Most cars’ fuel economy peaks around 50 mph and drops off as you speed up. By reducing your speed on the highway by five to ten mph, you can increase fuel economy by 7 to 14%, according to AAA.

Avoid accelerating too quickly from an idle position and hard braking since they lower fuel economy on the highway by 15 to 30% and 10 to 40% in regular stop-and-go traffic.

Avoid idling. If you will be stopped for a few minutes, shut off your engine in a place that’s safe to do so. A warm engine only takes about 10 seconds worth of gas to start but consumes a quarter to a half gallon of gas while idling.

Use your cruise control as much as you can on the highway since driving at a consistent speed also saves gas.

Hands opening an empty wallet (Getty Images)
Hands opening an empty wallet (Getty Images)

‘Tis the season

Thanksgiving and Christmas both happen quickly right at the end of the year and cause familial and financial stress for millions of Americans.

There’s the need to spend time with everyone in your family, the pressure to get the right gifts, the stress over being able to afford the right gifts, the worry you might not be able to get the days off work you need and the usual travel woes which have only gotten worse during the pandemic.

The pressure to be jolly over the holidays can also have the opposite effect on your mood, according to Debra Kissen, executive director of the Light on Anxiety CBT Treatment Center in Chicago and co-chair of the Anxiety and Depression Association of America’s public education committee.

Kissen refers to making ourselves miserable by trying to be cheerful as the “happiness trap.”

And, as we all prepare for the second pandemic holiday season, just about every item we expect to find on the table for a big Thanksgiving or Christmas dinner is being impacted by supply chain issues, staffing shortages, higher costs of production, scarcity or all of the above.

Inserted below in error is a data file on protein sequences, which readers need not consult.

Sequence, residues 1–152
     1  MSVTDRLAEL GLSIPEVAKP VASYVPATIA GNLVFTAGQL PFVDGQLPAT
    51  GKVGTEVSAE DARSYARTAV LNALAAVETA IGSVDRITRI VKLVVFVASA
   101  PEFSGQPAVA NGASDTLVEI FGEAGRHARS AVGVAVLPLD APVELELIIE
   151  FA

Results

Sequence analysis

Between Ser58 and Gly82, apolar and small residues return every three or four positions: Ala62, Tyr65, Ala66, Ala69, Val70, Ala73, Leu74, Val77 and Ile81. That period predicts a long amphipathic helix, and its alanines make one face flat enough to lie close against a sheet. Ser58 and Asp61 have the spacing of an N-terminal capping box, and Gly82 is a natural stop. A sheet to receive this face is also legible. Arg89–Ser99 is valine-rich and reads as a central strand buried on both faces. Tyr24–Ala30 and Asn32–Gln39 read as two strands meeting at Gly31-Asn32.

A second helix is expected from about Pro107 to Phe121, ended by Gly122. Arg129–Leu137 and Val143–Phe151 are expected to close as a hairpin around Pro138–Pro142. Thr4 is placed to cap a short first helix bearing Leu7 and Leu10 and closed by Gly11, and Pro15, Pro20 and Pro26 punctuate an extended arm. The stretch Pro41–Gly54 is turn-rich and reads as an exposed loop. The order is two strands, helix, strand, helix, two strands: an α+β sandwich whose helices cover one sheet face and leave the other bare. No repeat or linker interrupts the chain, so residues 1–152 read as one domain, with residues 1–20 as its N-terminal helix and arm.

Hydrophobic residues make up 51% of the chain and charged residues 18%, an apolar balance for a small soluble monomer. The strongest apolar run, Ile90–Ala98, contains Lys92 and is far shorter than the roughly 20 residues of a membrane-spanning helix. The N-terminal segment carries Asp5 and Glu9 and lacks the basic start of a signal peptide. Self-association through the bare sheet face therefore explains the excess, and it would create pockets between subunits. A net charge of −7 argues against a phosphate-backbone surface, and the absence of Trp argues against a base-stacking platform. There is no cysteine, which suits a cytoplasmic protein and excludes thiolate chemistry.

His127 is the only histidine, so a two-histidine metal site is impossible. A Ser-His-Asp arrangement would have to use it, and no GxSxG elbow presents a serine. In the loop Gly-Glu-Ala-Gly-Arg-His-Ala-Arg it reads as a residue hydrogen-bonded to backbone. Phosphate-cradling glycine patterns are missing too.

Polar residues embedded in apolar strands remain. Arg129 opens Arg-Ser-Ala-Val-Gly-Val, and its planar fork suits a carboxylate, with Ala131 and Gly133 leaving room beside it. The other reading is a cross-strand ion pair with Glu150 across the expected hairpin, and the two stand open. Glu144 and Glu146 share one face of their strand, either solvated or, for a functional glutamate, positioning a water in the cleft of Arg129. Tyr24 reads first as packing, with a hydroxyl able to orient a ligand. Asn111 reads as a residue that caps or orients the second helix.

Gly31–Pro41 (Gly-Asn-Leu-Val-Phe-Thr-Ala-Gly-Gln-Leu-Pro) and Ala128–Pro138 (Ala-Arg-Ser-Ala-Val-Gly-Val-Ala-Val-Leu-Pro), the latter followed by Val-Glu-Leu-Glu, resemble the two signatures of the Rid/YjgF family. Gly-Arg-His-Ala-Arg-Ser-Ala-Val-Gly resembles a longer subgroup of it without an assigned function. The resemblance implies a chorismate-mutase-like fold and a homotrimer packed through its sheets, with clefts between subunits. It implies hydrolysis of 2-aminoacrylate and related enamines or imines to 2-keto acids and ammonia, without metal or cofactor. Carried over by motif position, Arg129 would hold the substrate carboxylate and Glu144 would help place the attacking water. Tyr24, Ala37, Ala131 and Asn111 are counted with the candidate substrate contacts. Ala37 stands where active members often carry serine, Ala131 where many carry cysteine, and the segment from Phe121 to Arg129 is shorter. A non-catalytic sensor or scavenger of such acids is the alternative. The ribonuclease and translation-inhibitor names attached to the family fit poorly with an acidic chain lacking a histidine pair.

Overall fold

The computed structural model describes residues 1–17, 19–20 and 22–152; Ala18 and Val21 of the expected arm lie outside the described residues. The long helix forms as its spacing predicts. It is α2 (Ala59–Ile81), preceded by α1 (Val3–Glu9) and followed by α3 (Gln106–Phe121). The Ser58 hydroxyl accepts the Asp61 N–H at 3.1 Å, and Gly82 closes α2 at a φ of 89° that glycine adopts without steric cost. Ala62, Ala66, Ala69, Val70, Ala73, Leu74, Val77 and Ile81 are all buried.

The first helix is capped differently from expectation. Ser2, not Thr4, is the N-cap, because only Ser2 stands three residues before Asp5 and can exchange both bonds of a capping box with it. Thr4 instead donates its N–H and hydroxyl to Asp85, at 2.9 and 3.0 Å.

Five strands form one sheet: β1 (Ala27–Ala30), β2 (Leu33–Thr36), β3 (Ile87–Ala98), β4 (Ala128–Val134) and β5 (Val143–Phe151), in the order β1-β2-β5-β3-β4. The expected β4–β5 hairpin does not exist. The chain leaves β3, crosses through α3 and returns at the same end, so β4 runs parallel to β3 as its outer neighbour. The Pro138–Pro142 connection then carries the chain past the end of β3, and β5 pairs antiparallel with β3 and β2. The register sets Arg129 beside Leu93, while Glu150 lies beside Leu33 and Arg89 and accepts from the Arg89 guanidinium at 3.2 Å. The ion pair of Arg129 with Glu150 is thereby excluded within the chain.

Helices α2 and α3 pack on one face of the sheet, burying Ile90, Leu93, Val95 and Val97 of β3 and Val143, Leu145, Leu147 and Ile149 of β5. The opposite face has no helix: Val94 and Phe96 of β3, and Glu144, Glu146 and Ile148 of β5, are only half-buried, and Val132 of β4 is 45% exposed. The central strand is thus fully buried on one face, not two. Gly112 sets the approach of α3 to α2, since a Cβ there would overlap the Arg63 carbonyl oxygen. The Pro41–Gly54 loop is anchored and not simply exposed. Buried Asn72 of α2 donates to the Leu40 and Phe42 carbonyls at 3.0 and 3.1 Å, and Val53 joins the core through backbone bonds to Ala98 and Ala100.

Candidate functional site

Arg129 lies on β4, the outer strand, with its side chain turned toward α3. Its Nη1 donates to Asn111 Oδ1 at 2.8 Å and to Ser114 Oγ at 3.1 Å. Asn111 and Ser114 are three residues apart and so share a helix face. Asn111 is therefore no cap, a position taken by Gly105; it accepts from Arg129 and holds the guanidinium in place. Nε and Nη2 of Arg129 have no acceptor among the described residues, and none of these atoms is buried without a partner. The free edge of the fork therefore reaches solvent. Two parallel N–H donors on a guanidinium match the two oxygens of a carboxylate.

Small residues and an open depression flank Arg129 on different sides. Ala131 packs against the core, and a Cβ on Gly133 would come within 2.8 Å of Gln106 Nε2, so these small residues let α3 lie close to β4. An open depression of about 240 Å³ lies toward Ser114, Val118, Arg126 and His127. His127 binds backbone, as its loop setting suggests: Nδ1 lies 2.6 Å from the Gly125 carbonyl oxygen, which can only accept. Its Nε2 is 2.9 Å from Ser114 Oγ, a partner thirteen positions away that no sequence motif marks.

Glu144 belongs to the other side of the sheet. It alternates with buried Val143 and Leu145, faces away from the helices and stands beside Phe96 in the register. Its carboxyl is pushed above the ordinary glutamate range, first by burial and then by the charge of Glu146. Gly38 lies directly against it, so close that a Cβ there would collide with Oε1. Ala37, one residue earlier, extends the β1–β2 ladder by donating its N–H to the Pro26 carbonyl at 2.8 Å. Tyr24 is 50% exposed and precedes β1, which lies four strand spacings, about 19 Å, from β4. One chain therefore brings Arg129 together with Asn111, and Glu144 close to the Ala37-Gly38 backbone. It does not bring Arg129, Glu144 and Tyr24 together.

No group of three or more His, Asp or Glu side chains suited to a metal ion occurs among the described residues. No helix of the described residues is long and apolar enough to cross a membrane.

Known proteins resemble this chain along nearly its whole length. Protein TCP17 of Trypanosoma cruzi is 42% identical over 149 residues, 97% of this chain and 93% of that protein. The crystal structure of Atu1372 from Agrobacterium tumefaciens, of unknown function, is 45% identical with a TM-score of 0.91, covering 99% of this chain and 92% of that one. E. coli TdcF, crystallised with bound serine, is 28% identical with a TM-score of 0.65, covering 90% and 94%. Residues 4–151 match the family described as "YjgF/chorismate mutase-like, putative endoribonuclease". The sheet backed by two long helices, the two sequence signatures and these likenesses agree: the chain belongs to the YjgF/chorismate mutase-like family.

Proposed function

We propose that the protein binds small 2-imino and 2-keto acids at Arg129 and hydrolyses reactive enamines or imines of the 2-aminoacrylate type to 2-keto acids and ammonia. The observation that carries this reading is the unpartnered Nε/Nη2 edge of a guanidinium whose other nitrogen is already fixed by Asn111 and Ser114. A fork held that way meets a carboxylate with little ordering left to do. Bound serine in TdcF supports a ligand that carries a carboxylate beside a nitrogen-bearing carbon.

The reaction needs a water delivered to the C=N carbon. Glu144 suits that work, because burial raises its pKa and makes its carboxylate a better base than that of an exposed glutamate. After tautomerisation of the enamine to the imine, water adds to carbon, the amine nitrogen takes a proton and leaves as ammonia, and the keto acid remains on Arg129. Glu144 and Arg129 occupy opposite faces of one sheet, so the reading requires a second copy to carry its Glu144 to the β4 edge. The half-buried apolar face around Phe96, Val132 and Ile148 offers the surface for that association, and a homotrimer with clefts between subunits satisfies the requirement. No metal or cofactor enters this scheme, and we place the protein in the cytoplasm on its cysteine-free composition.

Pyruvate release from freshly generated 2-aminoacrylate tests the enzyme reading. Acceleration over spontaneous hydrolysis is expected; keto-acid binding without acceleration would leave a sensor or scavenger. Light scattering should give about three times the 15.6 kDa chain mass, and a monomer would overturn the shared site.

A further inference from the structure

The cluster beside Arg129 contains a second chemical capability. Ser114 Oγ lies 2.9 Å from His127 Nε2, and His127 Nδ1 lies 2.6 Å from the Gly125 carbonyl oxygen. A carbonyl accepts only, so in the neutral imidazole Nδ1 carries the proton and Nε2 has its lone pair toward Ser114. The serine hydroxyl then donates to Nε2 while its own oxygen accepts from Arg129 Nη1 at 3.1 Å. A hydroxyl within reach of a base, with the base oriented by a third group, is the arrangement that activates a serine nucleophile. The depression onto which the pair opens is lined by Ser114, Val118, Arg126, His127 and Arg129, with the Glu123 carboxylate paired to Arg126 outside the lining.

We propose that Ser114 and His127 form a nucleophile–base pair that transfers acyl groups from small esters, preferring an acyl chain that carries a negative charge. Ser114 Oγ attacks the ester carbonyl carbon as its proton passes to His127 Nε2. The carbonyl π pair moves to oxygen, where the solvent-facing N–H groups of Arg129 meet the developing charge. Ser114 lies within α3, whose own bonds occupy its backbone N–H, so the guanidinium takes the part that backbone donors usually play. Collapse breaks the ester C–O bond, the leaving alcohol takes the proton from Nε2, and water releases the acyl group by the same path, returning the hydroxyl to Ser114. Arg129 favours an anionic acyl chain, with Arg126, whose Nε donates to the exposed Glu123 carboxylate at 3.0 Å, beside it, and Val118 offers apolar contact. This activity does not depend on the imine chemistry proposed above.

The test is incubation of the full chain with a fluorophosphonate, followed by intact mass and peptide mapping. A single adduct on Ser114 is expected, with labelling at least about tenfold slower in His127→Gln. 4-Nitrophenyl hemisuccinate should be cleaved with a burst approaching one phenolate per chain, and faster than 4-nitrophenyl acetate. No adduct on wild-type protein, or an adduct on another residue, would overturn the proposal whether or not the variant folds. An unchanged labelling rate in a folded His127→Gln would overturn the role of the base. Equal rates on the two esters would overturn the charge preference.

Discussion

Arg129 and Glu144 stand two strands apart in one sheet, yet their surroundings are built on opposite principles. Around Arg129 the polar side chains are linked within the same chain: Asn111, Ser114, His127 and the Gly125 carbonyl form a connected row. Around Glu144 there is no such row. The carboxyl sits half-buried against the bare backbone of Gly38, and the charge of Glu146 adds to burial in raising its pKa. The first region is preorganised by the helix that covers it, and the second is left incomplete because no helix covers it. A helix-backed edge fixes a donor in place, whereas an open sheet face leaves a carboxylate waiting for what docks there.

As for the side dishes, the issue isn’t so much with the ingredients but rather with the packaging. Aluminum cans, glass jars and bottles are all tied up in shipping bottlenecks on their way from China.

Others are having trouble getting labels for their products. As food makers get creative on how to cope with packaging changes and shortages, those costs can be passed on to consumers.

Even raw vegetables might be more expensive because the cost of fertilizer, much of which is imported from China, has skyrocketed. The increased cost of fertilizer makes growing corn more expensive, which means it’s then more expensive to raise chickens, turkey and other livestock.

But what about the main course? The cost of all food is up nearly 5% from a year ago, according to the Bureau of Labor Statistics, and meat prices have risen especially high, according to Derrell Pierce, an Oklahoma State agricultural economics professor specializing in livestock.

When it comes to desserts, the same packaging problems apply for a can of pumpkin or a pre-made frozen pie crust.


While finding exactly the right-sized turkey or ham may be more difficult this year, plenty of meat options for a holiday dinner should still be available if you’re willing to mix things up a bit.

Since many desserts are canned and shelf-stable, you can buy them anytime ahead of big holiday dinners. Even some of the sturdier vegetables, like sweet potatoes, will last long enough if you store them properly.

To avoid the “happiness trap,” take a minute or two each day to consciously slow down and be mindful of how you’re feeling. You can step outside and get some sun or have a quiet, peaceful moment to yourself. Even amidst an overwhelming holiday rush, a brief break to take a breath can go a long way.

Sneezing (Getty Images)
Sneezing (Getty Images)

Break out those tissues

Flu cases were down in 2020, and fewer people came down with colds as well. Flu season typically peaks in February after spiking in December and January.

As more kids return to school this fall and winter and more parents return to the office, many experts worry that colds and the flu will make a comeback.

The U.S. Centers for Disease Control and Prevention (CDC) recently shared a warning about the potential for respiratory viruses to return to pre-pandemic levels as the delta variant of COVID-19 continues to circulate in the US and around the world.

In October, the US death toll from COVID-19 passed 700,000.

The last 100,000 deaths were recorded in 3 1/2 months and happened when vaccines were available to anyone over the age of 12 who wanted them.

Overall, 18,411 North Carolinians have died from COVID, as of Friday, Nov. 12.

The CDC estimates that 36,000 people die on average every year from the flu.


Even though the flu is an airborne illness, it’s most commonly transmitted by shaking hands.

The best way to keep yourself from getting sick is to get a flu vaccine, wash your hands thoroughly and stay six feet away from other people.